Friday, January 2, 2009

Aspect Oriented Programming with Roles/Traits and Joose

Joose is different from other JavaScript frameworks because it focuses on only providing tools for making the programming with JavaScript for robust and productive. There are no facilities for DOM access or AJAX. Joose is thus complementary to using a more traditional Ajax library and also works nicely in non-browser environments like Rhino.

Many JavaScript libraries with the notable Exception of jQuery provide some helper methods to make things like class or prototype inheritance a more pleasant experience. Joose's capabilities, however, go way beyond these basic features. My personal favorite feature in Joose is the combination of Roles (sometimes also called Traits) and method modifiers.

Here is the definition from the Traits research page:
Traits are a simple composition mechanism for structuring object-oriented programs. A Trait is essentially a parameterized set of methods; it serves as a behavioral building block for classes and is the primitive unit of code reuse. With Traits, classes are still organized in a single inheritance hierarchy, but they can make use of Traits to specify the incremental difference in behavior with respect to their superclasses.
In Joose creating a role (aka trait) is as easy as writing
Role("Eq", {
requires: "equalTo",

methods: {
notEqualTo: function (other) {
return !this.equalTo(other)
This role can be applied to things that implement the method equalTo and gives them the method notEqualTo. Things here means classes and (because this is JavaScript!) objects.
Applying to a class looks like this:
Class("TestClass", {
does: Eq
Applying to an object is a one liner:
So much for simple traits. Where things get really interesting is when the concept of roles is combined with the concept of method modifiers (I call them M&Ms). M&Ms allow augmenting methods with extra functionality by doing stuff before or after a method is executed (The full list of modifiers is before, after, around, override and augment).
In this example Test derives from SuperClass and modifies SuperClass's add method with a before-modifier:
Class("Test") {
isa: SuperClass,
before: {
add: function () { this.result += "3" }
Now it is also possible to define method modifiers in roles. When the role is applied the method modifiers are applied to the methods of the target class or object.
From here on I'll use real world examples from the Joose example app blok. Things placed on blok's viewport are instances of the class Shape. Shapes can be resized, dragged, styled, edited, etc. All of these "behaviors" are implemented as roles that are applied to shapes.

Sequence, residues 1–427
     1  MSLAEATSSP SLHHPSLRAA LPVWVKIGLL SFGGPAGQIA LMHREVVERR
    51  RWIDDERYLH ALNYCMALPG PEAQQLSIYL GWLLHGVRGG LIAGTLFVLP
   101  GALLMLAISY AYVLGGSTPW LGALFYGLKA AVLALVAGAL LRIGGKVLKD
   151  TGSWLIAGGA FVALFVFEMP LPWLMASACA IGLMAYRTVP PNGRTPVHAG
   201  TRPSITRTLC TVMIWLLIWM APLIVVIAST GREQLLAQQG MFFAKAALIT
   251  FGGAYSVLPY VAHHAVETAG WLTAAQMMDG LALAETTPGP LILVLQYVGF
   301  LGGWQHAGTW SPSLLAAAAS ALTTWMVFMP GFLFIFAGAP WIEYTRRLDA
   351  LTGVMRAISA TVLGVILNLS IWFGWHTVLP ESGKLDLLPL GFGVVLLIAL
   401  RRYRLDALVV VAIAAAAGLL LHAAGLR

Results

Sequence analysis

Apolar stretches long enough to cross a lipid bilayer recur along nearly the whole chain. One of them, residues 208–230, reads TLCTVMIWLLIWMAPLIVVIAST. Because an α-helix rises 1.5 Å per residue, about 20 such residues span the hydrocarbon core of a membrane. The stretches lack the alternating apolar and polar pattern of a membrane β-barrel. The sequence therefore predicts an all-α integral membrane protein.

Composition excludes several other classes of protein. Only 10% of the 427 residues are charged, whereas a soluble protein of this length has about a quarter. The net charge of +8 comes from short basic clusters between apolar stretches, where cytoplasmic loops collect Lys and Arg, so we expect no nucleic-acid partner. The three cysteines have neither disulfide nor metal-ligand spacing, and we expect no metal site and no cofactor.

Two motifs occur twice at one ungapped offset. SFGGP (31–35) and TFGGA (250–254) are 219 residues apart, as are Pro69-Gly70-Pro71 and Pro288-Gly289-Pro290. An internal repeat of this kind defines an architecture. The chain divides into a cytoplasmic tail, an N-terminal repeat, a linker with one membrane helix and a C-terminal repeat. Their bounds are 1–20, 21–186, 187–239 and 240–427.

A shape keeps a jQuery object in it's instance variable called $ that represents the DOM node of the actual shape-html on the viewport. Whenever the DOM node receives or looses focus the respective methods "focus" and "blur" are called on the shape object. The method "place" is called to place a shape on the view port. One of the roles that can be applied to shapes is the Focusable role. This role gives a shape the ability to actually receive a visual recognizable focus (aka an outline). Here is the implementation of the Focusable role:
Module("block.ui.role", function () {
Role("Focusable", {
after: {
place: function () {
var me = this;
this.$.mousedown(function focusClick (e) {
document.manager.switchFocus(me, e.shiftKey)
return false;

focus: function () {
this.$.append('<div class="focusDiv"></div>')

blur: function () {
This particular role augments the methods "place", "focus", and "blur". When the shape that uses this role is placed on the view port a mousedown event is added to the jQuery object. This event is than delegated to the global document.manager singleton-object that manages focus on the page (This object later calls the focus and blur methods on the shape objects. This is different from the browser's understanding of focus, because shapes may keep focus while a control elsewhere is used). When the shape receives focus an extra div is added to the jQuery object (this is not done using only css classes for stupid technical reasons). When the focus is lost, the div is removed again.

The examples should demonstrate that roles are great ways to assemble "reusable units of behavior" (as the orginal authors put it). Using method modifiers further reduces conflict potential between multiple roles because an unlimited number of M&Ms can be applied to the same method. Thus other roles like Resizable, Draggable, Connectable or Editable can be safely added to the same shape.

I particularly like the pattern outlined above because it feels really JavaScript-y. The use of roles makes the pattern superior to simple aspect oriented techniques using only method modifiers because multiple related modifiers can be applied in a single stepped.

I hope this post was interesting, now go play with Joose :)

PS: Thanks to Moose for comming up with all these concepts so that I could copy them for JavaScript.

Earlier post on the same subject.
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